Advertising and Marketing to children as we know it is through their parents; up to the 20th century, this has been the standard practice in advertising.
However, the reverse seems to be the case in the 21st century. Recent articles suggest that children’s pester power has a major influence on how the home is managed, family entertainment, holidays, brand purchased etc. Generally, children’s influence on purchase decisions is becoming widely accepted across families.
Millennial parents and families are experiencing pester power like never before; research suggests that “modern life has made parents closer to children and as a result, they find it difficult to say no to them”.
In an era where millennials are more brand disloyal, how can Mummy and Daddy’s Brands maintain a strong space in their minds, such that it’s within their consideration set while pestering?
My children are creating “disruptive” consumption habits. My favourite brands seem to be fading away; their non-traditional approach to life – food, fashion, music, is sending (some) brands/products out of the house. And in fact, I get threatened regularly with “… mum, I can’t wait to go to Uni, can’t wait to travel, live on my own, marry,… all to do away with some Brands that are dear to me.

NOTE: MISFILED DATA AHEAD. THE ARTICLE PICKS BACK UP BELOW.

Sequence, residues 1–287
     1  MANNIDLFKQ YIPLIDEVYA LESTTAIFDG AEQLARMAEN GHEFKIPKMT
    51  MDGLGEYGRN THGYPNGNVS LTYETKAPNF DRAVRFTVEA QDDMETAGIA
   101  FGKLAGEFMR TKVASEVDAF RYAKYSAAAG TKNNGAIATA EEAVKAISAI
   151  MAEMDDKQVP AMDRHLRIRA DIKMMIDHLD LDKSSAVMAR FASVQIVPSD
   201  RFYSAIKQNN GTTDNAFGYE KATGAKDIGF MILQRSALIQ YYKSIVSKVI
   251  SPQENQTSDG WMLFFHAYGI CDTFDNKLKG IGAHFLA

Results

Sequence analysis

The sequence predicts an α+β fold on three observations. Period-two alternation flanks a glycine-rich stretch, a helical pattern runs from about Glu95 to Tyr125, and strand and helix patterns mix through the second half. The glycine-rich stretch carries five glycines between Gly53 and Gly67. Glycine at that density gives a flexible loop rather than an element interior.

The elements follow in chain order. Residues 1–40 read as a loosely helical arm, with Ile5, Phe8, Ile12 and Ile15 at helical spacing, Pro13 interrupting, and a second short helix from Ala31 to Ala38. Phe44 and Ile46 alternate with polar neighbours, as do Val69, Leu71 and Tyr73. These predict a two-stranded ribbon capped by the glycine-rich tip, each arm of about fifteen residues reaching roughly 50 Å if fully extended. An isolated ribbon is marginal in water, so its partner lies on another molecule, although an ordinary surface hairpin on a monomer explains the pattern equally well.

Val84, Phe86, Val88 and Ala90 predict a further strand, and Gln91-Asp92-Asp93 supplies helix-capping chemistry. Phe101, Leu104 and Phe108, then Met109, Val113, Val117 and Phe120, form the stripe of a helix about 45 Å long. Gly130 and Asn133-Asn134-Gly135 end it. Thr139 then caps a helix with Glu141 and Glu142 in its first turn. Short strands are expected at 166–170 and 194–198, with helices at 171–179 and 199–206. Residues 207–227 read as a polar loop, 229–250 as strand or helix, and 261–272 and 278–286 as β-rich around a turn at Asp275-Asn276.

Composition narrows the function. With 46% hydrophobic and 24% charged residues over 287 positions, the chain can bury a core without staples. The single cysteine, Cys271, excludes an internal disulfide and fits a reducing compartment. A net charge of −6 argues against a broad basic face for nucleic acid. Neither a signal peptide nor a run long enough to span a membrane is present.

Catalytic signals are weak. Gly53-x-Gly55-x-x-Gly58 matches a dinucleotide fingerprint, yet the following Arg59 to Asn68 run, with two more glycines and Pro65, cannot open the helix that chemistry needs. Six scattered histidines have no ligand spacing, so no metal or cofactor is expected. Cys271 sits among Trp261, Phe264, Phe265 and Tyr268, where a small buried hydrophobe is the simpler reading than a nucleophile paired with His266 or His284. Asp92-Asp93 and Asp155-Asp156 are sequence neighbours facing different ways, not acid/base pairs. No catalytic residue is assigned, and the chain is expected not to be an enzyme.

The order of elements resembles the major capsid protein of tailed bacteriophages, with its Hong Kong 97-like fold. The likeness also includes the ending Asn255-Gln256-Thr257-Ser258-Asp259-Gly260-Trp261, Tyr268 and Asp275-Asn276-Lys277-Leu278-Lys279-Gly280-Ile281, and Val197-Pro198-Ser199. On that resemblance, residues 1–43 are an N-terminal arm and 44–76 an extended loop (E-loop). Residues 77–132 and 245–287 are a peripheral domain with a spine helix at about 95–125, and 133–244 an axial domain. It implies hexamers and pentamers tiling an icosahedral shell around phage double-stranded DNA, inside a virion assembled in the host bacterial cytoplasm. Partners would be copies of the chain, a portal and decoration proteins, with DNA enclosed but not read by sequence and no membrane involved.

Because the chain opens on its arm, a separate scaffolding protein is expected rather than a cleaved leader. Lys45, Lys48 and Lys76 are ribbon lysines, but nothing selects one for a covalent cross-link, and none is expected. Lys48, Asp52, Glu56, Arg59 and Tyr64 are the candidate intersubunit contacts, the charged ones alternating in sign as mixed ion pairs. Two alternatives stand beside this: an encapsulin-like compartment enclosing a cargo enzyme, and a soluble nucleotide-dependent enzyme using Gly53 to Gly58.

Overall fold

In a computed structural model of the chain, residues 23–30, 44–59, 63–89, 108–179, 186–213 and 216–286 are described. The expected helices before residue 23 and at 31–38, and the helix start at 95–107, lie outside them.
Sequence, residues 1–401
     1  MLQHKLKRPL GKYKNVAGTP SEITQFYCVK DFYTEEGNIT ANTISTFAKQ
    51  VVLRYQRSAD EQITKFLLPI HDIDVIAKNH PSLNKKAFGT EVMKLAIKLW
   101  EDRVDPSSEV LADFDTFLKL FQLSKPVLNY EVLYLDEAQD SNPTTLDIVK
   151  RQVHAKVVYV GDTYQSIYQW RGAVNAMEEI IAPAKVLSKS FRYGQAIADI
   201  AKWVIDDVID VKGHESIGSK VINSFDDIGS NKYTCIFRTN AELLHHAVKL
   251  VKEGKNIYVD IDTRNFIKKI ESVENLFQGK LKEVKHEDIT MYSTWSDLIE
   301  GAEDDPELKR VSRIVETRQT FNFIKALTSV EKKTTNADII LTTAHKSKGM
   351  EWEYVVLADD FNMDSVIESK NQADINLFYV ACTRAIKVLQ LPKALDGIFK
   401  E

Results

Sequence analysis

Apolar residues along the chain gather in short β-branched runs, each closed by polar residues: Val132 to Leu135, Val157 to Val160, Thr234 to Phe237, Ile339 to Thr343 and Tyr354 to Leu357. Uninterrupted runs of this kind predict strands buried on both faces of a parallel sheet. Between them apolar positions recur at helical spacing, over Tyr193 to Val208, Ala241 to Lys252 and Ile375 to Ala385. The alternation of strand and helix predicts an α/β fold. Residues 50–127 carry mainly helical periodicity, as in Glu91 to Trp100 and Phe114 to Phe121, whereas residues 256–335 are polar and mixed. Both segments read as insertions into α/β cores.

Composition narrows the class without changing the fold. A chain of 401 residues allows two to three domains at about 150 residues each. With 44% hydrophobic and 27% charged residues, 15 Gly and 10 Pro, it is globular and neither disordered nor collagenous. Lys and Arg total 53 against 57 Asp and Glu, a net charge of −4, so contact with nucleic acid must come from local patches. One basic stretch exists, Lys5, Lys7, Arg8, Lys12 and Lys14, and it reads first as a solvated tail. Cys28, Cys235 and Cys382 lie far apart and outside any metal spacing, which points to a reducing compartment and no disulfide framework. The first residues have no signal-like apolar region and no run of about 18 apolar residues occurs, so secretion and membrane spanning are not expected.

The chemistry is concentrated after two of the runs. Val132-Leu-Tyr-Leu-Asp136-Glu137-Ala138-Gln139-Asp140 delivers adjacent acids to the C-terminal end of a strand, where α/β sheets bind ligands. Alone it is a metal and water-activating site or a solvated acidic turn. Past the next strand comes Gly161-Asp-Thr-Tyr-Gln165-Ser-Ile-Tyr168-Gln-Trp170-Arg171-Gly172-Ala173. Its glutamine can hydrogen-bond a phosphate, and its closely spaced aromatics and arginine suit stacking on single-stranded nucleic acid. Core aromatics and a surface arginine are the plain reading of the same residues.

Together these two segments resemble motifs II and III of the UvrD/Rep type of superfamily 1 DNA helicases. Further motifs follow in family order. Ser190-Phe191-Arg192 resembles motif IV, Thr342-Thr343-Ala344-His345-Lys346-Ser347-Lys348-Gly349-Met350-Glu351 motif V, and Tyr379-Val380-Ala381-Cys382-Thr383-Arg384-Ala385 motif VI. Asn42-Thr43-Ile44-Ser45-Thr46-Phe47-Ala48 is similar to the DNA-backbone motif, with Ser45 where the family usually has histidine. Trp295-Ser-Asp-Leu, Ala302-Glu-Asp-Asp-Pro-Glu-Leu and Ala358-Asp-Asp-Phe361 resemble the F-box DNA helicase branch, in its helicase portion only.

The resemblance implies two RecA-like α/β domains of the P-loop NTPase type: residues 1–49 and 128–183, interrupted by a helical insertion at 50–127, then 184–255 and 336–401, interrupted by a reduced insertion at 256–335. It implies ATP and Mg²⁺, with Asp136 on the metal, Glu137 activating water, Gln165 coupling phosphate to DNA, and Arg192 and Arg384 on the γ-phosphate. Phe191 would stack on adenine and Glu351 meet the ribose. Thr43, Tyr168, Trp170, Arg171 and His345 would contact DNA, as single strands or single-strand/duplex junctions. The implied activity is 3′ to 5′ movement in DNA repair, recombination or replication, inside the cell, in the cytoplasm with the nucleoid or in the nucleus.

Many brands that believe their reputation alone would keep millennials interested are in for surprises. The younger and teen millennials’ pester parents, the higher the chance of a new brand being introduced in the home and the current ones being threatened.
So how does a classic (old) brand stay relevant with Millennials and teens?
About the Author:
Dolapo Otegbayi, an accomplished and seasoned Senior Marketing Professional with over 15 years’ experience in all aspects of Commercial Business; encompassing Consumer and Shopper Marketing. She is one of the top 50 Marketing Communication Professional in West Africa (7th MWA 2017).